Part of the Global Plot to Expose Moonbats, conspiracy nuts, and anti-Semites, especially the Jewish anti-Semitic variety. The leftwing Neo-Nazi web magazine Counterpunch has described Plaut thus: "One of the most pernicious writers is Steven Plaut, a man who could be thought of as Israel's Daniel Pipes."
Ten Reasons ObamaCare Will Fail
Posted By Steven Plaut On November 8, 2013
There is a fundamental difference between economists and lawyers (or legal scholars) when it comes to resolving complex social and economic problems. Economists believe that human behavior and the functioning of institutions are based upon incentives. Lawyers and legal types believe that one can resolve complex problems by passing laws and imposing regulations. The latter think one can legislate away the problem.
I like to describe the approach by lawyer-types to such problems as "rain laws." They are like trying to resolve the problem of flooding from heavy rainfall by means of a law making it illegal for it to rain. Or solving droughts by passing a mandate that it must rain. Making global warming illegal is a pretty close runner-up idea. An example of a rain law in the area of health care would be to solve shortages, health care inflation, and inadequate coverage by passing a law making it illegal for people to get sick. A second example would be Obamacare.
The entire matter of Obamacare is so complex that most people have lost sight of the fundamental problems within it and especially its rain law aspects. Instead, the media and much of the public are concentrating on tangential matters, like whether or not the software on the Obamacare web sites is functioning properly.
I will not attempt here to spell out all the issues and problems with Obamacare. I would just like to point out a few of its flaws in simple words, and these should be sufficient to understand why the entire apparatus will fail.
1. Provision and production of health care services involves resources. Those resources cost money. The real costs of those resources will not be reduced under Obamacare. Doctor, nurse, and technician salaries will not be reduced. The prices of medical equipment will not be reduced. The costs of hospital buildings and infrastructure will not be reduced. The costs of resources used for developing and producing medicines will not be reduced. Costs of other factors, such as the notoriously high expense of malpractice insurance thanks to the rather loony American tort system, will not be reduced.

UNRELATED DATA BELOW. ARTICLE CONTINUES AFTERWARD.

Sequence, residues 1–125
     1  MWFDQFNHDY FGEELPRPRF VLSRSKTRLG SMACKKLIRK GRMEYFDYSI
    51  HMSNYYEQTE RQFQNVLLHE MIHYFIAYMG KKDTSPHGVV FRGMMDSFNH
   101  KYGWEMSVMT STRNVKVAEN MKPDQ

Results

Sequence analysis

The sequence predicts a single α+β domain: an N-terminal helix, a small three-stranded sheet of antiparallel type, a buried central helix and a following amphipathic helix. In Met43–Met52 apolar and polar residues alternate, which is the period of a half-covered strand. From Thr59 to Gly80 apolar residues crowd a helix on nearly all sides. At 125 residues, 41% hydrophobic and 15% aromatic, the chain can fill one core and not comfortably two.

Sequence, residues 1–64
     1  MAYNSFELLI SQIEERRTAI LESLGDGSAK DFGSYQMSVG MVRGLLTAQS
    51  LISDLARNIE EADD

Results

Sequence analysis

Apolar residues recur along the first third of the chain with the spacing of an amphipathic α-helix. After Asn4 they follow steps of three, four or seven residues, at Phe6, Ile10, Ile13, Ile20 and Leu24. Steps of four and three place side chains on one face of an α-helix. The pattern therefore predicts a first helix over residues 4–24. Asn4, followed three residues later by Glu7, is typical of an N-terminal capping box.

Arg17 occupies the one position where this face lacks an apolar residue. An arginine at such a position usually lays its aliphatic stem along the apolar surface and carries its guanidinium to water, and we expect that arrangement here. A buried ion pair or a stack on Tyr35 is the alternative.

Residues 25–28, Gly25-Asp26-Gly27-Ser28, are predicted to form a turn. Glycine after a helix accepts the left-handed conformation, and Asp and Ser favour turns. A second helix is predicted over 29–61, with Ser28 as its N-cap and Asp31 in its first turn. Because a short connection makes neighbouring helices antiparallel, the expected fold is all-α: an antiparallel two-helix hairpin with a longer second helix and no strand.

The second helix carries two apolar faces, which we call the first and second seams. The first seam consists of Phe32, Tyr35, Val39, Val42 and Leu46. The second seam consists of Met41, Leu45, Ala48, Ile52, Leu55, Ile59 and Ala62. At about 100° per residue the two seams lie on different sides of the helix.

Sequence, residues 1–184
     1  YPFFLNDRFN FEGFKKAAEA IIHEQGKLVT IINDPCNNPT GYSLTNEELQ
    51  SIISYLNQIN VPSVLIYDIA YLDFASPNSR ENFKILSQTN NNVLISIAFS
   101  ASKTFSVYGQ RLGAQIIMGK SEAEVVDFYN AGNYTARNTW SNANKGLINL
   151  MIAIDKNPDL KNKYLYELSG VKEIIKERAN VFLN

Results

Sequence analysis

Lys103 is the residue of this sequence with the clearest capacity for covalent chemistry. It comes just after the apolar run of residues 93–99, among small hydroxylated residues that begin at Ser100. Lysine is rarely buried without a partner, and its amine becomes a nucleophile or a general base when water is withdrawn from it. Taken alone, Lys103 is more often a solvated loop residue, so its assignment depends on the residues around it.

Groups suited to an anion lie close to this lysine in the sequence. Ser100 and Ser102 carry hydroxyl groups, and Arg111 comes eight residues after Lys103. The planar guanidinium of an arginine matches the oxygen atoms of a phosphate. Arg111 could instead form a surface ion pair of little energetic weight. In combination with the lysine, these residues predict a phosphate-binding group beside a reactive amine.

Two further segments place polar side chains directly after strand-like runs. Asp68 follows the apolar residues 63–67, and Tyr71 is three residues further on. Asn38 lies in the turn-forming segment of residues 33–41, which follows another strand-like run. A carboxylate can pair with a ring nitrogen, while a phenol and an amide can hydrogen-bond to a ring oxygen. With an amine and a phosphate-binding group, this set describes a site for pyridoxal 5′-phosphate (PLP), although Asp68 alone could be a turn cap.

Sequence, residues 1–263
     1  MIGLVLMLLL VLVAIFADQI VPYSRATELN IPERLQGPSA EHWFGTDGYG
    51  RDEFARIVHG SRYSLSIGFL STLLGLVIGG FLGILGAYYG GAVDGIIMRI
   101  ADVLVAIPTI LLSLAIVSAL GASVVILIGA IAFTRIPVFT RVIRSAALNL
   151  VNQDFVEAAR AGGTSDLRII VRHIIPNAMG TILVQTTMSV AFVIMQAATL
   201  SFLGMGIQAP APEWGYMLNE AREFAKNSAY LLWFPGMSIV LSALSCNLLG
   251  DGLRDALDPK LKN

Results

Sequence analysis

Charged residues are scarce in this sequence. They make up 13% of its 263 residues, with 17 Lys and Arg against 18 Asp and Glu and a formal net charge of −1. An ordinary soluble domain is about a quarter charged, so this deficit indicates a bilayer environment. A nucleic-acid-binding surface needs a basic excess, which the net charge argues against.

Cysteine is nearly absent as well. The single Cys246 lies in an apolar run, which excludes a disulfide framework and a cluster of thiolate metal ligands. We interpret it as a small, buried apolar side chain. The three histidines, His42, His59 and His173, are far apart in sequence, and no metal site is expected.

2. If anything, the costs of all the items cited above will rise under Obamacare. That is because the most important openly-stated goal of Obamacare is to expand access to medical services and coverage for the uninsured. In simple words, Obamacare seeks to expand consumption of or demand for medical services, without changing in any significant way the supply of medical services. The number of man-hours, the amounts of medication, and the set of equipment required to perform any medical procedure or service will not change because of Obamacare. Raising demand without any shift in the supply function produces inflation in the prices of medical services.
3. When demand expands but the supply function does not, the only way to prevent this from manifesting itself in inflation is using price controls. But price controls produce shortages, long queues, denial of access to services, and diminishing quality of services. The main mechanism for controlling costs in other state-run medical systems, ranging from the British Health System to Medicare, is indeed price controls and shortages and queues. Since Obamacare does nothing to change the cost of the inputs used in producing medical services, the only manner in which it can seek to prevent the inevitable inflation from expanded "coverage" is price controls.
4. Price controls with regard to insurance itself have the same consequence as price controls regarding particular medical treatments and services. They produce shortages. The price controls regarding health insurance packages contained in Obamacare mean that the market for Obamacare-defined health insurance will unavoidably fail to clear.
5. In every place they have been used, in every country and in every period of history, price controls create shortages and cause reductions in quality. Ask tenants in NY rent-controlled apartments about this.